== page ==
Saturday, March 14, 2009

Hardball provides another Bush 43 surrogate a platform from which to assault reality

Ok, just a few days ago we saw Ari Fleischer - here and here - on Hardball shamelessly attempting to revise reality in order to spin the legacy of George W. Bush. The most outrageous lie pushed by Fleischer, among many, was his slimy insinuation that Saddam Hussein was behind the 9/11 attacks and that the invasion of Iraq prevented Hussein from attacking the United States again.

That was Wednesday. On Thursday, Matthews had on Frank Gaffney who proceeded to spread the neoconservative conspiracy theory that Saddam Hussein was the mastermind of the Oklahoma City bombing, as well as the 1993 World Trade Center bombing, and just about every terrorist attack on the United States over the last 20 years. This was the same drivel that fanatical liar Michael Ledeen was busy spreading four hours after the 9/11 attacks to start the propaganda case for war with Iraq.

Why is Hardball giving someone like Gaffney a platform in the first place? Shouldn't promotion of outright falsehoods - especially falsehoods that have contributed to the deaths of hundreds of thousands of people - earn someone a timeout from serious political discourse? It's long been clear that Gaffney is a propagandist whose appearances on tv or elsewhere only serves to promote reality revision.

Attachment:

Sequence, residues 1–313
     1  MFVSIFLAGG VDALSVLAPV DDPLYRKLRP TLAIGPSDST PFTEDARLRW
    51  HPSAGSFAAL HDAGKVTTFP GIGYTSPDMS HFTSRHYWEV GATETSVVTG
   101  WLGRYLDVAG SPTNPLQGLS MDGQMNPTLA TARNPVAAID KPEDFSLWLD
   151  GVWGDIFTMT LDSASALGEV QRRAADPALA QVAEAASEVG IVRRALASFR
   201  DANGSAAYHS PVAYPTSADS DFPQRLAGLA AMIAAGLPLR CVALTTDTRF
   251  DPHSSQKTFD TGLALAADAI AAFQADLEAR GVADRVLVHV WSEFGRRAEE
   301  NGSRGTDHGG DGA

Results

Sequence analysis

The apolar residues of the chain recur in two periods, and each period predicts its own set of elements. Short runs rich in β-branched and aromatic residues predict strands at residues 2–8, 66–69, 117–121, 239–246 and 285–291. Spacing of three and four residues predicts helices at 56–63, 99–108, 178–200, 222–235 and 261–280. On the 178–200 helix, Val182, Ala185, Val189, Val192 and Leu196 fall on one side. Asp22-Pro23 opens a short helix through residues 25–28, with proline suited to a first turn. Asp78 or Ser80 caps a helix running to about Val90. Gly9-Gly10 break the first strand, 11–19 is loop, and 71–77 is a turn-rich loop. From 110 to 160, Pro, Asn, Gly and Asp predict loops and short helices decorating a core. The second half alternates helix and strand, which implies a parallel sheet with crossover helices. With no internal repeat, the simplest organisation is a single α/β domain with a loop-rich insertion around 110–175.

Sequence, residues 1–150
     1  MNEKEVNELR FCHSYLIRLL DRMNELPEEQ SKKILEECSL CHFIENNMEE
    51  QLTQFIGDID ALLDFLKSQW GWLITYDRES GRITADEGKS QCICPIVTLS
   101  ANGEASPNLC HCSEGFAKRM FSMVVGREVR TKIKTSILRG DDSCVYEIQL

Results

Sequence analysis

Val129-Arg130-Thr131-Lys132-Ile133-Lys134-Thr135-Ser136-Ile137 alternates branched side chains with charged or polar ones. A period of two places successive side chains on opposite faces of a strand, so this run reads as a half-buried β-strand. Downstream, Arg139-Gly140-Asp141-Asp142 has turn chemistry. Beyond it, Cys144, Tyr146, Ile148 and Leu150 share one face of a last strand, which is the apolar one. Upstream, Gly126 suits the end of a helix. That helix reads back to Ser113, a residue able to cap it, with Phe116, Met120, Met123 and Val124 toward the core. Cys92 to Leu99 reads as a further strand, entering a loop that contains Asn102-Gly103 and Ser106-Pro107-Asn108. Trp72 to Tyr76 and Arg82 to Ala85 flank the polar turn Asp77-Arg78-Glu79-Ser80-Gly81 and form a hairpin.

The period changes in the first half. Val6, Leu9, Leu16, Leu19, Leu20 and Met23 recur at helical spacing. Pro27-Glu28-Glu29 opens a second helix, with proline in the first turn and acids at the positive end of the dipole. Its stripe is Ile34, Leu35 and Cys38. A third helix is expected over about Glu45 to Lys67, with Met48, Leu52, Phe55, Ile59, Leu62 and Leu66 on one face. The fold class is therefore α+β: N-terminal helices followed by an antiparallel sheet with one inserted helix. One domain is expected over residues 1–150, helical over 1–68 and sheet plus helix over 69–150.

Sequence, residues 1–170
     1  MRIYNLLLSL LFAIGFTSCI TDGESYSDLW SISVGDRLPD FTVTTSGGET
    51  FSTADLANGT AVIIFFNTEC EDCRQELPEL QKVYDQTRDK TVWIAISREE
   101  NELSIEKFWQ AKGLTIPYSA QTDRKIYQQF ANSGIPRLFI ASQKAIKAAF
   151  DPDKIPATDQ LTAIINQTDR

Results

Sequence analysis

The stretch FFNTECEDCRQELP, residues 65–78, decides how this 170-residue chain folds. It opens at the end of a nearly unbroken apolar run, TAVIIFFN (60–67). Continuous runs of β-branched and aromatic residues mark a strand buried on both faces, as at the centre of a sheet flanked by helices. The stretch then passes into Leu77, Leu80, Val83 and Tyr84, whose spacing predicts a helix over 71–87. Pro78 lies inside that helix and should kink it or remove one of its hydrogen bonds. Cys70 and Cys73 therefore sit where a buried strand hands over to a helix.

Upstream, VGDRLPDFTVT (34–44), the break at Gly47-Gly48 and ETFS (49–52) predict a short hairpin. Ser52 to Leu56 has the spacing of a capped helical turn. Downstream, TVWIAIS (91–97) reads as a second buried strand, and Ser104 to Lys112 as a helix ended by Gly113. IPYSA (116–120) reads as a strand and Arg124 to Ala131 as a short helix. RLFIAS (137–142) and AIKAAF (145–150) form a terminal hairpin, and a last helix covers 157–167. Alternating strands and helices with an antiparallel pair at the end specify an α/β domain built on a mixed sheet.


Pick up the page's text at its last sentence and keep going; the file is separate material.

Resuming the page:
Also: shouldn't generating lies in order to argue for putting political opponents to death also merit a tv timeout? Why is such extremism and dishonesty rewarded with more tv time?

Frank Gaffney, one of the country's most influential and well-connected neoconservatives, has a column in today's Washington Times in which he argues that the debate taking place in Congress over the war in Iraq constitutes treason. Gaffney specifically argues that the condemnations of Douglas Feith from Sen. Rockefeller Levin "really should be a hanging offense."

Gaffney begins his column by purporting to quote Abraham Lincoln. Gaffney claims that Lincoln said:

Congressmen who willfully take actions during wartime that damage morale and undermine the military are saboteurs and should be arrested, exiled, or hanged.
This quote has become a favorite weapon for those who want to criminalize criticism of the Leader and the War. Jack Murtha's opponent in the last election, Diana Irey, cited this quote while discussing Murtha's opposition to the war.

But this quote is completely invented. Lincoln never said it. This "quote" was first attributed to Lincoln by J. Michael Waller in Insight Magazine, in a 2003 article revealingly entitled: Democrats Usher in an Age of Treason. But as Waller himself now admits, the quote attributed to Lincoln is completely fraudulent.

1 comment:

malcontent said...

Perhaps Mr. Matthews is trying to repair his rapport with the pseudo-conservatives a bit. I won't profess to understand his M-O but he caught a lot of flak from the radical right during the lame duck months. Watching Matthews' promo clip on MSNBC would lead one to believe he doesn't understand much at all...

"I hate to have to teach politics to the experts but it's fun."

It sounds like an open invitation for a pop psychology deconstruction. Cue Dr. Phil.